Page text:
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November 1967

Intrapericardial Aortopulmonary Anastomosis for Tetralogy of Fallot: Clinical Experience

Author Affiliations

From the Cora and Webb Mading Department of Surgery, Baylor University College of Medicine, and the Texas Heart Institute of the Texas Children's and St. Luke's Episcopal hospitals, Houston.

Arch Surg. 1967;95(5):709-716. doi:10.1001/archsurg.1967.01330170017003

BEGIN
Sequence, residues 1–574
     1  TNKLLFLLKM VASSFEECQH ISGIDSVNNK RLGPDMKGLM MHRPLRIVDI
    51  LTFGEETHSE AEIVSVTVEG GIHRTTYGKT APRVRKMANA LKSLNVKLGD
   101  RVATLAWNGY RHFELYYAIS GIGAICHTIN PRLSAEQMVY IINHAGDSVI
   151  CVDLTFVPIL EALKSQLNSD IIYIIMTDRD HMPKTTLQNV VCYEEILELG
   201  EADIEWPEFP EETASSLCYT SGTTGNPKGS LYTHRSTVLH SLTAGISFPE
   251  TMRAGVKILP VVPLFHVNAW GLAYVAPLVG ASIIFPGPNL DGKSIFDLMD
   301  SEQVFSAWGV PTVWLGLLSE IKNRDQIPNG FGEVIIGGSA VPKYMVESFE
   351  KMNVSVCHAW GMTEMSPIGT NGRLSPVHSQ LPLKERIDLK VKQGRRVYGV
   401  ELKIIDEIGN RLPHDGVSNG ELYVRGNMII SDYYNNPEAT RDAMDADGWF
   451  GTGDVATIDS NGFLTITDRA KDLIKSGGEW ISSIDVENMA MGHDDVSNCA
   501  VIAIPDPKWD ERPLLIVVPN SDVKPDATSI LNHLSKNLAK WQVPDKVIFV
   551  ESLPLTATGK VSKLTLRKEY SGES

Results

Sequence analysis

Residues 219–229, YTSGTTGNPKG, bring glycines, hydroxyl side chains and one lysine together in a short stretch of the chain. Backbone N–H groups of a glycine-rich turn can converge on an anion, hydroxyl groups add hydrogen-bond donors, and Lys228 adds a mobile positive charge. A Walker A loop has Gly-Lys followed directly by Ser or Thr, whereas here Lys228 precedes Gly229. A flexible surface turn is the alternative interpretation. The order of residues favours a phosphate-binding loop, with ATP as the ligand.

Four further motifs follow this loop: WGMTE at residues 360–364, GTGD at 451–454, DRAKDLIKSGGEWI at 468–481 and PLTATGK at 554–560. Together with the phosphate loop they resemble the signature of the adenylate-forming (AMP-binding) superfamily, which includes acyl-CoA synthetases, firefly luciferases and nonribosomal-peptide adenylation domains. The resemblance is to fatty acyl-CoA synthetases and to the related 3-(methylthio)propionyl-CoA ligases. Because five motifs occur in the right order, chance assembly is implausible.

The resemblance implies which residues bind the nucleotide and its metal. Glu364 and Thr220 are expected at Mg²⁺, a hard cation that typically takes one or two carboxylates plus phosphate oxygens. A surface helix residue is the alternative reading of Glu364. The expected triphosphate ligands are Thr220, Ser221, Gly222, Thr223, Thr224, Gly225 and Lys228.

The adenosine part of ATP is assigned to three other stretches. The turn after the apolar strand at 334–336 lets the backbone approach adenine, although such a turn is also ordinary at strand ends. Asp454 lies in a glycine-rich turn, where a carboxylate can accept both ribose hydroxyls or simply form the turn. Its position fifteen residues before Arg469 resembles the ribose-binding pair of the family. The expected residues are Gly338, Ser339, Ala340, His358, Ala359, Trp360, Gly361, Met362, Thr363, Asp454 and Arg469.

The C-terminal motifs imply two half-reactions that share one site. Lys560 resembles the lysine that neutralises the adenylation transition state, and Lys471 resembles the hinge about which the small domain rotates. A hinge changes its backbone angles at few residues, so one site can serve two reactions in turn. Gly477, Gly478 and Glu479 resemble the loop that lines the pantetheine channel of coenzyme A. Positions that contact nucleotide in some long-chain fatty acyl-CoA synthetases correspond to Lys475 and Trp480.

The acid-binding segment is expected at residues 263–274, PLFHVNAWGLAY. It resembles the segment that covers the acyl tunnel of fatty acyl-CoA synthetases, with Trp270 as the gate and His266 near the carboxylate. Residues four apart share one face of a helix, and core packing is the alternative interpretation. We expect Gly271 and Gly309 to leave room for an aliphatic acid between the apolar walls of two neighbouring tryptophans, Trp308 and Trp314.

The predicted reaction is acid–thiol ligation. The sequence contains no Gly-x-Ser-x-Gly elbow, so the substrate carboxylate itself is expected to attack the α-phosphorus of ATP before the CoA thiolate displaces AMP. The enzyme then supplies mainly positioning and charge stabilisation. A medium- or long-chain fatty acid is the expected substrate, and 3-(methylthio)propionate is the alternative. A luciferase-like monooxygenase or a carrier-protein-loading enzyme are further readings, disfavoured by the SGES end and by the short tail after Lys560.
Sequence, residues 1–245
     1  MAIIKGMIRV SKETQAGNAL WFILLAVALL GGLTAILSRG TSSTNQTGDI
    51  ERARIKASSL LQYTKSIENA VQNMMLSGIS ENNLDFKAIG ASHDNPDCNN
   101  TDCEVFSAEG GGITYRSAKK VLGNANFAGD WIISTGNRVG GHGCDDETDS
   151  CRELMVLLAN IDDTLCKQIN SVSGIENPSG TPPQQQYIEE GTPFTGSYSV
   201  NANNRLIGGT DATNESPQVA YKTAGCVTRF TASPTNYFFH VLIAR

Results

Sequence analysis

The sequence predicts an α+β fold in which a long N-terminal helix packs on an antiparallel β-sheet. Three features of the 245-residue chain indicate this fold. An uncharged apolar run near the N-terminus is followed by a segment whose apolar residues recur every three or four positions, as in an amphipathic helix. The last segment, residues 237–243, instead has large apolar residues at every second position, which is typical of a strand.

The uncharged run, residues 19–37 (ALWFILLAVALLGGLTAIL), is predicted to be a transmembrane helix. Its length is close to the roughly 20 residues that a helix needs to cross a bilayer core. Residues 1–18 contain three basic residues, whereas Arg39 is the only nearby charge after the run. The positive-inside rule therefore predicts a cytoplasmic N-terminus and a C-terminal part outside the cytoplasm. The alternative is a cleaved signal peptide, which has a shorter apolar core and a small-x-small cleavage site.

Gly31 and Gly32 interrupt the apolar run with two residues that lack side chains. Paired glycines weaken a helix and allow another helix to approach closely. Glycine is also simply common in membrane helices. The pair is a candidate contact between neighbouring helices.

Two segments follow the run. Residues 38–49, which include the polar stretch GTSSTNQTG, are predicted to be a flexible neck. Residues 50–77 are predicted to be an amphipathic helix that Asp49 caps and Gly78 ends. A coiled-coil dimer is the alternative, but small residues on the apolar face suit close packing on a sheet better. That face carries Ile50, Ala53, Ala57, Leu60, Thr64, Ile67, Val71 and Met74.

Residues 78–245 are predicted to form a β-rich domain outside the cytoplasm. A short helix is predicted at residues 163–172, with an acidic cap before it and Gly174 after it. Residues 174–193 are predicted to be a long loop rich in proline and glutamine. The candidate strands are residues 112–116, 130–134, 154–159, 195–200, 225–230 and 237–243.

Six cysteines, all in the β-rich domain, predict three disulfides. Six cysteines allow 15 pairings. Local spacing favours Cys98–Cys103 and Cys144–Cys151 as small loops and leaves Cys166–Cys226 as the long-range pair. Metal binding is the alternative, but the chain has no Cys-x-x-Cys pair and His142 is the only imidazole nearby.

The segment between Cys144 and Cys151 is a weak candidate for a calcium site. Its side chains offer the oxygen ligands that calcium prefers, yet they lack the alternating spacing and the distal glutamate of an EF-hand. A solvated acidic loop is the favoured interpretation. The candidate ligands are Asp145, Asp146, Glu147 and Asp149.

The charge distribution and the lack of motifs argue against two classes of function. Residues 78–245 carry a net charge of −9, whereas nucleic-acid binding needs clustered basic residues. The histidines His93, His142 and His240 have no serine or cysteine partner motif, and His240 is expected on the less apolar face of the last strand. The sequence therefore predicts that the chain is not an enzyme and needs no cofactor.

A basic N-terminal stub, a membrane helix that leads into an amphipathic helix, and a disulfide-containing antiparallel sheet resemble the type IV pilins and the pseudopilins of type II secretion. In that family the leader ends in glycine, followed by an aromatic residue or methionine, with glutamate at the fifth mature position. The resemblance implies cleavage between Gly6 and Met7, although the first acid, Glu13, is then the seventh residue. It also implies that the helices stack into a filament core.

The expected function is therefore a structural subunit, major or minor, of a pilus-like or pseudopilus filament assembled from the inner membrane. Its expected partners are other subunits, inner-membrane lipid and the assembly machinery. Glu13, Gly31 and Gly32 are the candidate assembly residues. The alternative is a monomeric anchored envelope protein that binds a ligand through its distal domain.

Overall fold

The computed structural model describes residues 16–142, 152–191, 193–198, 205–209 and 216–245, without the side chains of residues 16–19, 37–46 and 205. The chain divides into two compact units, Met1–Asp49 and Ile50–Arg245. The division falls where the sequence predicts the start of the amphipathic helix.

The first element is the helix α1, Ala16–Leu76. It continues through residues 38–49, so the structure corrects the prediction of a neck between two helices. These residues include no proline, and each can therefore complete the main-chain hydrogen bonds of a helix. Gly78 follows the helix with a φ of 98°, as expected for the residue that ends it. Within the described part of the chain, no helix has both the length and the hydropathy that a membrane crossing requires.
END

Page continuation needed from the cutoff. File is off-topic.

SURGICAL treatment of tetralogy of Fallot was introduced two decades ago by the pioneer work of Blalock and Taussig.1 They utilized subclavian-pulmonary anastomosis to increase pulmonary blood flow and improve the circulatory dynamics of children with tetralogy. Subsequent development of cardiopulmonary bypass and techniques for correction of this anomaly has not negated the value of an initial palliative operation, especially in newborn infants in whom the risk of open-heart surgery is considerable. A variety of techniques for the creation of systemic-pulmonary anastomoses have been employed. The principal disadvantage of commonly used shunts is the difficulty with which they are dissected and closed at the time of total correction. This report concerns our initial experience with an intrapericardial anastomosis between the ascending aorta and right pulmonary artery in patients with tetralogy of Fallot. Results in patients with this shunt are compared with results in patients undergoing standard Blalock and